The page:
Wednesday, October 15, 2008
Leading economist Nouriel Roubini explains in bullet-point form how hedge funds are driving the stock market collapse. Take careful note of how credit default swaps are a key factor in the stock market sell-off, and how another type of derivative - "collateralized fund obligations" - may be the next shoe to drop:
- Oct 15: Lehman Brothers Holdings Inc.'s hedge-fund clients may have to pay more collateral on $65 billion of assets frozen when the investment bank went bankrupt a month ago--> "If your bank fails, you still have to pay your mortgage." Moreover, hedge funds are among the net sellers of credit protection in the $54 trillion credit derivatives environment and might be called to perform on their obligations wrt Lehman, WaMu, Kaupthing, etc.
- Oct 1: There are dozens of hedge funds whose Lehman prime-brokerage accounts were frozen when the company filed for protection from creditors on Sept. 15. "One executive who used Lehman as a prime broker -- and who asked not to be named because his firm is private -- estimates that hedge funds had between $50 billion and $70 billion in Lehman prime-brokerage accounts." Moreover, hedge funds had pledged equity securities as collateral that Lehman then loaned to other investors under a practice known as rehypothecation - PWC says in that case "clients may cease to have any proprietary interest in them."
- Perfect Storm for Hedge Funds: Short-selling rules were altered in a flash, the implosion of brokerages reduces the possibility for borrowing money, they’re stuck with delevering, and to top it off, many are getting hit with redemptions as September comes to a close, marking the end of the year for many funds. (MarketBeat) Redemptions could lead to fire sales and vicious circle.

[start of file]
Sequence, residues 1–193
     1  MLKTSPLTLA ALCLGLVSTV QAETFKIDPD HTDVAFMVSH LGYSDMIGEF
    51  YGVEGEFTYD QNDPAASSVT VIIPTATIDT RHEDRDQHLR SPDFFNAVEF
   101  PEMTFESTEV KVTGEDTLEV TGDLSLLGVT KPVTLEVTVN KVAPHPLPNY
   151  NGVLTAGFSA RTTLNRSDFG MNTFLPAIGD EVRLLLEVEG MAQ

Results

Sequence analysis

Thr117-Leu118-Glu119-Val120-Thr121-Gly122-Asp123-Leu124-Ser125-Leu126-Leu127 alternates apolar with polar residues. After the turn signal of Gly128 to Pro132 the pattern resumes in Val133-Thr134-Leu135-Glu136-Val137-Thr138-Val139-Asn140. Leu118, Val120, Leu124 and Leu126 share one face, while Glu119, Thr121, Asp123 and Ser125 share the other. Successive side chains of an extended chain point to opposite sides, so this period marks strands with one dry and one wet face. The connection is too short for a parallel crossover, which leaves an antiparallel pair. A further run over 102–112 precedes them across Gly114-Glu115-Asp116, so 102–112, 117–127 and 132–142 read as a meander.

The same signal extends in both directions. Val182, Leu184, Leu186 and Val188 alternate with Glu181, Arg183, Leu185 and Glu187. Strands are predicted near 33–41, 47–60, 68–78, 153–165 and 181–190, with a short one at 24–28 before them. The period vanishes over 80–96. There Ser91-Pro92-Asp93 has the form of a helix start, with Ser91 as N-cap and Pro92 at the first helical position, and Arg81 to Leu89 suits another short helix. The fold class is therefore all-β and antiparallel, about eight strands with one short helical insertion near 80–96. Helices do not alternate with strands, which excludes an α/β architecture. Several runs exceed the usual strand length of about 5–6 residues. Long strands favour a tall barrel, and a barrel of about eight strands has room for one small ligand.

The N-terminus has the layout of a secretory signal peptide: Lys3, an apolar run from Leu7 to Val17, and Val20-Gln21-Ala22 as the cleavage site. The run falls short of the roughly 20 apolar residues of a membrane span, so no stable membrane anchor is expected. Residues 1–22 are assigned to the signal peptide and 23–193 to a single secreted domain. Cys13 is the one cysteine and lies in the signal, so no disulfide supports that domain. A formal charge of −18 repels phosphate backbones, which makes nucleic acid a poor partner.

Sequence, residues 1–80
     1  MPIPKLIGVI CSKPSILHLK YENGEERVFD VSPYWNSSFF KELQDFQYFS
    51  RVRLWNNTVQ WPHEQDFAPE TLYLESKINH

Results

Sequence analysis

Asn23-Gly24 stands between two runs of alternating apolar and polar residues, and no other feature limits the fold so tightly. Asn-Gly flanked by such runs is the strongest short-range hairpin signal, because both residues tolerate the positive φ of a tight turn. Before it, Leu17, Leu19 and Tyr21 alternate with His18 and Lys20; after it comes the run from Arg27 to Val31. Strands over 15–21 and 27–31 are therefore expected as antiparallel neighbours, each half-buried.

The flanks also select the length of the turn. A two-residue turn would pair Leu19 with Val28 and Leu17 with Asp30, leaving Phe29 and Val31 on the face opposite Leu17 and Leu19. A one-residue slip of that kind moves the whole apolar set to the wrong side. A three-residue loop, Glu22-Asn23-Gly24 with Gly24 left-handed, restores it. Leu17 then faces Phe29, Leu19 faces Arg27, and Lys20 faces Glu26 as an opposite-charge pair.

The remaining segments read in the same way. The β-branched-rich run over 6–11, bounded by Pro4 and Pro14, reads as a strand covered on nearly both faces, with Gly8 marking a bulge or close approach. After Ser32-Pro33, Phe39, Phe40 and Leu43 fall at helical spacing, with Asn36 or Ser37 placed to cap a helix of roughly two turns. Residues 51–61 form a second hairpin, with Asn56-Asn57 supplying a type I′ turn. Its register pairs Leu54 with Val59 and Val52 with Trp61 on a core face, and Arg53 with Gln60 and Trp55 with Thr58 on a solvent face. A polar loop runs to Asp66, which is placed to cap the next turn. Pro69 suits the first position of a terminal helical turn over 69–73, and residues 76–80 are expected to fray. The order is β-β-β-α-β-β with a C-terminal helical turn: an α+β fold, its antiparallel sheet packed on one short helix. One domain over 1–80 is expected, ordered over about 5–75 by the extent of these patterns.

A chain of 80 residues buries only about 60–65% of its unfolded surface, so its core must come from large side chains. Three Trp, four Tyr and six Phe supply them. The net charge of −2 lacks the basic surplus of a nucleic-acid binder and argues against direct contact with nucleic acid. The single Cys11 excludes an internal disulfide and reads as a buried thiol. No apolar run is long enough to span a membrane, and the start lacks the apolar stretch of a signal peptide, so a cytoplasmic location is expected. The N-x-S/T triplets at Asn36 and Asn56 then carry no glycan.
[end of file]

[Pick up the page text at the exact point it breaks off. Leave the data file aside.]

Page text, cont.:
- FT Alphaville: Because so many firms hold similar positions, forced selling by one in response to redemptions can have ripple effects, forcing other funds to sell. More nimble hedge funds have sought to profit from the dynamic by taking short positions in securities known to be widely held by rivals --> HF adopt strategies to take advantage of competitors' unwinding positions
- NYT: In the month of July, hedge funds experienced nearly $12 billion in outflows. September 30 is the deadline when many funds are scheduled to accept withdrawal requests for the end of the year. To pay back investors, some funds may be forced to dump investments at a time when the markets are already shaky thus fuelling a vicious circle--> some hedge funds are reported to block withdrawals.
- Attari/Ruckes: Redemption feature causes fundamental maturity mismatch with borrowing short term and lending/investing long-term and illiquid e.g. in leveraged loans--> when redemptions increase, hedge funds have no other choice than liquidate assets thus fuelling a negative spiral. Evidence from leveraged loan market shows that this is unravelling is underway.
- cont.: Rating agencies start to downgrade collateralized fund obligations (C.F.O.) which are the hedge fund equivalent of mortgage-backed securities: securities backed by hedge funds. Some have a 7-year lock-up period. While few in number, C.F.O.’s represent a broad swath of the $2 trillion industry.
- About 350 were liquidated in the first half of the year and if the trend continues, the number of closures would be up 24 percent this year from 2007.
- Seides (InvestorsInsight): Hedge funds are sellers of 32% of all CDS, insuring exposure of $14.5 trillion. Recent estimates indicate that the entire hedge fund market is approximately $2.5 trillion in net assets under management. Thus, hedge funds are bearing risk in excess of their ability to pay the piper if anything goes wrong--> risk might well land again with former investment banks and broker dealers.
- Roubini: “one cannot rule out that some systemically important hedge fund may get into trouble with systemic consequences.”